From Deseret News October 6 2015, by Morgan Jacobsen
Community leaders and educators hope to use data, outside expertise and a $300,000 grant to improve opportunities for success for students and their families in Kearns.
Salt Lake County and the Baltimore-based Annie E. Casey Foundation announced Tuesday they will each provide $150,000 to implement the Evidence2Success program in the township. The initiative has been used in similar communities across the country to curb the effects of poverty and provide coaching for teachers.
Being able to build on the current successes in Kearns as well as the experience of other communities will help teachers and public agencies coordinate their efforts in meeting children’s needs, said Salt Lake County Mayor Ben McAdams. Currently, Kearns is the most diverse township in the county, with one-third of its population under age 18 and half of its children living in poverty, he said.
“This is truly a community that cares deeply about the future and is committed to making life better for the children and families who live here in Kearns,” McAdams said. “The opportunity to harness the data and learning this program has gathered from other places around the country and apply it right here in Kearns is truly what’s exciting about this grant.”
The Evidence2Success program will begin immediately using data from the Student Health and Risk Prevention survey. The Utah-developed survey is administered every two years to students in sixth, eighth, 10th and 12th grades to identify at-risk circumstances, such as drug use, poverty, physical health and other well-being concerns.
Then parents, teachers and community leaders will decide on key focus areas to improve the services children and families get, such as classroom instruction, after-school helps, employment services and other possibilities.
Suzanne Barnard, director of the foundation’s evidence-based practice group, said Evidence2Success has helped other communities address local concerns. Providence, Rhode Island, for example, used the program to improve the chronic absenteeism rate in its schools, among other issues. In just one semester, the rate went down by 5 percent in two schools, she said.
“What we hope to bring with Evidence2Success is a way to put residents and children and families in that driver’s seat so they can control some of the decisions that are made around services that their children get,” Barnard said. “Everything we do — the coaching, the tools, the matching money — all of that is designed for us to be able to give what we know to the community and then begin to step away.”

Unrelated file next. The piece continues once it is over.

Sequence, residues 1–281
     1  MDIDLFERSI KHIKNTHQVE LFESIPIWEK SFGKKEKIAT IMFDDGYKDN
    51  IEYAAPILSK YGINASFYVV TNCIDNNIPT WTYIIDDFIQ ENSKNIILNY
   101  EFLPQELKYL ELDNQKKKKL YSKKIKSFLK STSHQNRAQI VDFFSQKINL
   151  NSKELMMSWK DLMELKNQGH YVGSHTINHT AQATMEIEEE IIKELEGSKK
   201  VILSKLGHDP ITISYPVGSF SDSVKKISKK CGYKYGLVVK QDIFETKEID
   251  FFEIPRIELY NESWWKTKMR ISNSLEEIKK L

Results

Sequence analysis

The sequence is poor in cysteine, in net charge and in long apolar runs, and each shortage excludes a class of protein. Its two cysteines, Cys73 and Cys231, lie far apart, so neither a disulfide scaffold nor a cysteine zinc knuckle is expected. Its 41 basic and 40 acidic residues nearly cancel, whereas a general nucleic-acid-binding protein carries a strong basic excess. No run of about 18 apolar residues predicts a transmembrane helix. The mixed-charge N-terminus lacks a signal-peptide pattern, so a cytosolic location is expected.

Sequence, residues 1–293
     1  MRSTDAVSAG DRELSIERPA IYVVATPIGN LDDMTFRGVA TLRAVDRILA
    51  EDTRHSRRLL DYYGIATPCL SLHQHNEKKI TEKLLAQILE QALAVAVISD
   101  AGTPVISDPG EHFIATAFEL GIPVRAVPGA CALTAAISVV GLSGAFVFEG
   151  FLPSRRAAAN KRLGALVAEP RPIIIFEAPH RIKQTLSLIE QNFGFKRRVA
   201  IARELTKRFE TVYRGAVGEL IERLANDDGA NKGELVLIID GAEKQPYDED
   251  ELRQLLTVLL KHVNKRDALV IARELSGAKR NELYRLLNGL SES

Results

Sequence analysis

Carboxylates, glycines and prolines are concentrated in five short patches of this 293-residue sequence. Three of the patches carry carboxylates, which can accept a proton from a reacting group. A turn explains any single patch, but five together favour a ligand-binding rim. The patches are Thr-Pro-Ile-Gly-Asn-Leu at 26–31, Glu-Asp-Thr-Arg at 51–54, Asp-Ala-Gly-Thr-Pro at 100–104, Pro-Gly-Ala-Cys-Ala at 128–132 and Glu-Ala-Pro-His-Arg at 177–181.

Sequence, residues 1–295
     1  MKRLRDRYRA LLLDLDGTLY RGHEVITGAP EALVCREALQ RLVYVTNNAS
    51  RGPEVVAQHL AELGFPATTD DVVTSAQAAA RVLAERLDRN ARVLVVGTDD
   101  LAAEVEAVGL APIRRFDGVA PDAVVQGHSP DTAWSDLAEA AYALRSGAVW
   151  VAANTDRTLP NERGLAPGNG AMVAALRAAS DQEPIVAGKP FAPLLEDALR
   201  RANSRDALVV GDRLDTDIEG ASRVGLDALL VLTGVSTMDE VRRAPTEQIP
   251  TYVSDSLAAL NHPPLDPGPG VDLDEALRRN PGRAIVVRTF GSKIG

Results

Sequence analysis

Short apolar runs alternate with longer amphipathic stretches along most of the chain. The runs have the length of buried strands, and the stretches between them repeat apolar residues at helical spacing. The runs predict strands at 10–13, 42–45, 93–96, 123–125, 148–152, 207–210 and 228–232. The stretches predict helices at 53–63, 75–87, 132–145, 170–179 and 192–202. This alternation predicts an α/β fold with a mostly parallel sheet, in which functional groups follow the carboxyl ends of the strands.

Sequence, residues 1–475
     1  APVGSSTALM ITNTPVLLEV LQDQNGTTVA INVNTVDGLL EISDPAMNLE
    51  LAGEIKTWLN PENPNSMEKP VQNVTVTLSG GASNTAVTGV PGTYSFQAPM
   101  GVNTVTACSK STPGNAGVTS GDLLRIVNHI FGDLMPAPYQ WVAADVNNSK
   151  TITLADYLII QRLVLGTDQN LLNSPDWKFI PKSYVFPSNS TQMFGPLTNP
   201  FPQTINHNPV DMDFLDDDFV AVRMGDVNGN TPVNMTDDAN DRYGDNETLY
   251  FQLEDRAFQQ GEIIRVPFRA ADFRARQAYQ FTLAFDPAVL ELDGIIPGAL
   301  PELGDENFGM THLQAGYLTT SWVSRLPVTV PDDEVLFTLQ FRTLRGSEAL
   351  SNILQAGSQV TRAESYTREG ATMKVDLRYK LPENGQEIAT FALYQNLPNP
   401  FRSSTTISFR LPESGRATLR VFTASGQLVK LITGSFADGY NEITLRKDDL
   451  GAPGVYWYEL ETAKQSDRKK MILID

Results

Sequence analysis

Educators in Kearns will monitor academic outcomes in reading, math and science, as well as results from future SHARP surveys, to track the initiative’s progress, according to Granite School District Superintendent Martin Bates.
“I don’t think student achievement is magic,” Bates said. “As we’re able to get the foundation’s assistance in really identifying which factors have the greatest impact, then we’ll be able to develop teachers and support families and support children and have the whole community be a bright spot.”
Barnard said Kearns and Salt Lake County were invited to participate in the program because of quality local leadership and improvement efforts already taking place, such as United Way’s collective impact initiative. Authors of a recent Harvard report called Salt Lake City the “poster child” for collaborative student support.
But such services are needed in Kearns. Last year, almost half of the students at West Kearns Elementary were English language learners, and 84 percent came from families of low socio-economic status. In Kearns High School, chronic absenteeism was a problem for 16 percent of students, according to the Utah State Office of Education.
Those are challenges that other communities have dealt with across the country, according to Bates.
“It’s invaluable to have national experience from communities that look a lot like this community and look at their bright spots as compared to our bright spots, and be able to learn from each other,” he said.
Bryce Seipert, president of the Parent Teacher Association at Kearns Junior High, said he hopes the Evidence2Success program will help parents get more involved with schools in improving outcomes for their children.
“Students in this community, they have lots of will and desire to learn and to grow and succeed, but the parents in the community, we may not have as much understanding about how to get them where they want to go,” Seipert said. “That’s where the Annie E. Casey Foundation comes in. They’re able to show us what has worked in other places, what kind of evidence-based programs are out there that might work with us.
“I’m willing, and I hope other parents are, to do the footwork,” he said. “We’re the ones that need to make the change. If we can get parents on board, I know we’ll be successful.”